“We went in with the mindset of, ‘Let’s try to win it. Let’s not sit back and try to not lose it,’ ” Selleke said. “I think they did too. They were going forward. Both teams’ D were jumping into plays, which is why you were getting the odd-man rushes, because you have such active D on both teams.”

Both teams came into the final with 5-0 records, having gone 3-0 in pool play, then adding quarterfinal and semifinal wins Sunday when they played twice.

Despite their attacking styles, each team also had enough skill in goal and on defense to keep the other to one score for more than 60 minutes.

Trevor LaBash’s breakaway put Oakland in front, but Eric Brown answered on an assist from Owen Benben.

“It was two evenly matched teams,” Selleke said. “They have a great team and kind of played a similar style. They played hard right from the get-go, and we played hard. It’s a long tournament.”

Not much separated the two teams.

“It’s a game of bounces,” Selleke said. “It was a dead-even game. Our goalie played great, kept giving us a chance. We had our chances, too.

“You need bounces, you need some luck and, in the end, we made a great play to win it.”

Story from Red Line Editorial, Inc.


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EAST LANSING, Mich. -- Two months from now, the St. Louis Blues hope to experience the thrill of winning the Stanley Cup playoffs for the first time.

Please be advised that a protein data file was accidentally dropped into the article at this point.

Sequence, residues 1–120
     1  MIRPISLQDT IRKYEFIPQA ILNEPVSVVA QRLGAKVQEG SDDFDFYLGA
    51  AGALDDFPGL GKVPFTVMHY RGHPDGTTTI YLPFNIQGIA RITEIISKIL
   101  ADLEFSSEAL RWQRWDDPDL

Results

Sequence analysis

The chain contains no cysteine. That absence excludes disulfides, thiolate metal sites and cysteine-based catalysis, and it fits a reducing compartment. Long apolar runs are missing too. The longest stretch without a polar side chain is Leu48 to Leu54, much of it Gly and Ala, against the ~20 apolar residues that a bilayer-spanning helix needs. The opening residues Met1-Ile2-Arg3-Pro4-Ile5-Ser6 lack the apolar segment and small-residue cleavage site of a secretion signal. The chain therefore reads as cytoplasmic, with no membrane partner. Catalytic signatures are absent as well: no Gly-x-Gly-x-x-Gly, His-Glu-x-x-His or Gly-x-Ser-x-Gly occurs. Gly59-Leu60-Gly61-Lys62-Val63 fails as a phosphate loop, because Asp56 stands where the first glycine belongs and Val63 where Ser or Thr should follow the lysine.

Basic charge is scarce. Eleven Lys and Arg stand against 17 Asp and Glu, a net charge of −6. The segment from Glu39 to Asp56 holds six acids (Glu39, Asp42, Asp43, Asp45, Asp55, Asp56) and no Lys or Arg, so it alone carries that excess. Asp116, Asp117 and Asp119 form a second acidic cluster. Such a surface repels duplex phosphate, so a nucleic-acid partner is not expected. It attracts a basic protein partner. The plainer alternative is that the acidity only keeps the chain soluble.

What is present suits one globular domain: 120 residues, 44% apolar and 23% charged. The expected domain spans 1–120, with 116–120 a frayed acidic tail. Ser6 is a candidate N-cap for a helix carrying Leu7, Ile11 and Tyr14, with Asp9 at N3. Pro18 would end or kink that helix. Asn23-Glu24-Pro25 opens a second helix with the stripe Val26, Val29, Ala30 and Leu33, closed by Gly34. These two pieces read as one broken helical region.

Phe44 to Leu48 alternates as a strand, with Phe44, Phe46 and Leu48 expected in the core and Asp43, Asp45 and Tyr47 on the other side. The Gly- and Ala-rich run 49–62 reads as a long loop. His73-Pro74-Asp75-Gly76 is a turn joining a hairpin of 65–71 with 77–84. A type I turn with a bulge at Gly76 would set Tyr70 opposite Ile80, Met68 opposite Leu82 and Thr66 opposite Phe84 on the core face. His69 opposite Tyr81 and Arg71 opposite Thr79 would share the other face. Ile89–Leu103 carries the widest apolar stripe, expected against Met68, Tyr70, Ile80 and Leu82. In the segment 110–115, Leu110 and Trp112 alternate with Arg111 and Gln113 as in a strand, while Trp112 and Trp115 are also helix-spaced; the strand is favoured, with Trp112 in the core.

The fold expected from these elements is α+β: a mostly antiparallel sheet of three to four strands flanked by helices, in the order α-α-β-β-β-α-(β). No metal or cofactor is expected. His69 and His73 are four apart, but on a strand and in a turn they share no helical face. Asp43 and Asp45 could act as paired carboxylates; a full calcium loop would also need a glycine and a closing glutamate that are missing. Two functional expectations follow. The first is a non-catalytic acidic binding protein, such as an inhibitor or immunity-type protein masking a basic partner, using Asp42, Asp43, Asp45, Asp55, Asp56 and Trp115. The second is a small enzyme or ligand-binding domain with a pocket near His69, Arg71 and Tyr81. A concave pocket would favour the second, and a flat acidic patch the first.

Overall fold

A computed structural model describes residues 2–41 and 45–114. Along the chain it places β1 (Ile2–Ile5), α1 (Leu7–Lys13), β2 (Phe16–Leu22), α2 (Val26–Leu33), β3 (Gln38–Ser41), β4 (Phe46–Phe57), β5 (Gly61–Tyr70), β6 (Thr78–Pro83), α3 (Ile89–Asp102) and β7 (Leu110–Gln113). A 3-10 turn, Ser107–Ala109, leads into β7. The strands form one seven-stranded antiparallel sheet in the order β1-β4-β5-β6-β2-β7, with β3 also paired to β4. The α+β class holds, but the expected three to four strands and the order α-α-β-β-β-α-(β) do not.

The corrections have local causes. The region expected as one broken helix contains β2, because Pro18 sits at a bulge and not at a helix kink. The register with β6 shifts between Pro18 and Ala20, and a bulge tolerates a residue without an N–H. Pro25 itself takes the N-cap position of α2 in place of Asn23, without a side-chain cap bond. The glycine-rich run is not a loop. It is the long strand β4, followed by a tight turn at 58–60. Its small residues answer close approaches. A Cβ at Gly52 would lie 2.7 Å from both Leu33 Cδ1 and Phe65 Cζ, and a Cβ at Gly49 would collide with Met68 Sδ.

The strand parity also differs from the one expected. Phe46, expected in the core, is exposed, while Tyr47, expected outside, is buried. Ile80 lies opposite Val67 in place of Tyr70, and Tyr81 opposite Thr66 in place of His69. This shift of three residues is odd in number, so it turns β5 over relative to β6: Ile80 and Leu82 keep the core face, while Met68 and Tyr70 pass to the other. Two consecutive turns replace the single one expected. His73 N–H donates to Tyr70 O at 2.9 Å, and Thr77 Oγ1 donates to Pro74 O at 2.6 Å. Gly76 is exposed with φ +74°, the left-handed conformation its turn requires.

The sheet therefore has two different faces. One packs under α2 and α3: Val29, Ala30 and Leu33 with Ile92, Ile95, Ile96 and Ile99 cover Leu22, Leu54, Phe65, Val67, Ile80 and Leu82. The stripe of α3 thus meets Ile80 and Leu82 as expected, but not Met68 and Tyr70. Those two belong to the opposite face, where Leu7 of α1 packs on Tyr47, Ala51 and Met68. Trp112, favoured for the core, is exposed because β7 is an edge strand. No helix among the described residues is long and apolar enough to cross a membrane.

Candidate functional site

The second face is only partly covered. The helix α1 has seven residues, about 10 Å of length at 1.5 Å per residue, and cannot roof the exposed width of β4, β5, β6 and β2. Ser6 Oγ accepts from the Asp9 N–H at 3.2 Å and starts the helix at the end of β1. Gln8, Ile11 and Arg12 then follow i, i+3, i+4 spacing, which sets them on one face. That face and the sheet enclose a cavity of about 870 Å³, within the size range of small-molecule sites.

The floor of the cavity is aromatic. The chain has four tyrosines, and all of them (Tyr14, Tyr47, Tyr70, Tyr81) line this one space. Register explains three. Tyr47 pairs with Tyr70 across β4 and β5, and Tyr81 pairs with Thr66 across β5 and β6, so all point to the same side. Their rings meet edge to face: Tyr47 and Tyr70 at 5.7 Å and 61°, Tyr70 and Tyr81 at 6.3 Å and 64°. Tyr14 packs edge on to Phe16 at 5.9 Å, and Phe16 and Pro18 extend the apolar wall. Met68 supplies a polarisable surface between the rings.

What happened Sunday for the Chesterfield Falcons is the equivalent of hoisting Lord Stanley’s Cup for an 18-year-old. Bringing another youth hockey championship to this St. Louis suburb never gets old.

The Falcons scored a late third-period goal to widen its advantage and beat the Florida Junior Panthers 3-1 in the USA Hockey Tier IIAA 18-and-Under National Championships title game at Suburban Ice Arena. The game was one of three championship matches played here on Sunday as part of the Tier II 18U championships.

It was the third time in five years that Chesterfield, which is the top-ranked 18U program in the country regardless of class or conference, won a national championship at the 18U level. All of the titles have happened in even-numbered years (2008, 2010 and this year).

[y tii 18 2a champs] “This team is typically about 90 percent new every year, maybe with four or five returning players,” Chesterfield coach Lindsay Middlebrook said. “It takes a little pressure off of having to repeat given we seem to win it every other year.”

All kidding aside, Middlebrook said the secret to the team has been how well the team has come together.

“We’ve been in one of the best Double-A hockey leagues now [Central States] for five or six years, and this year we had a really good team,” he said.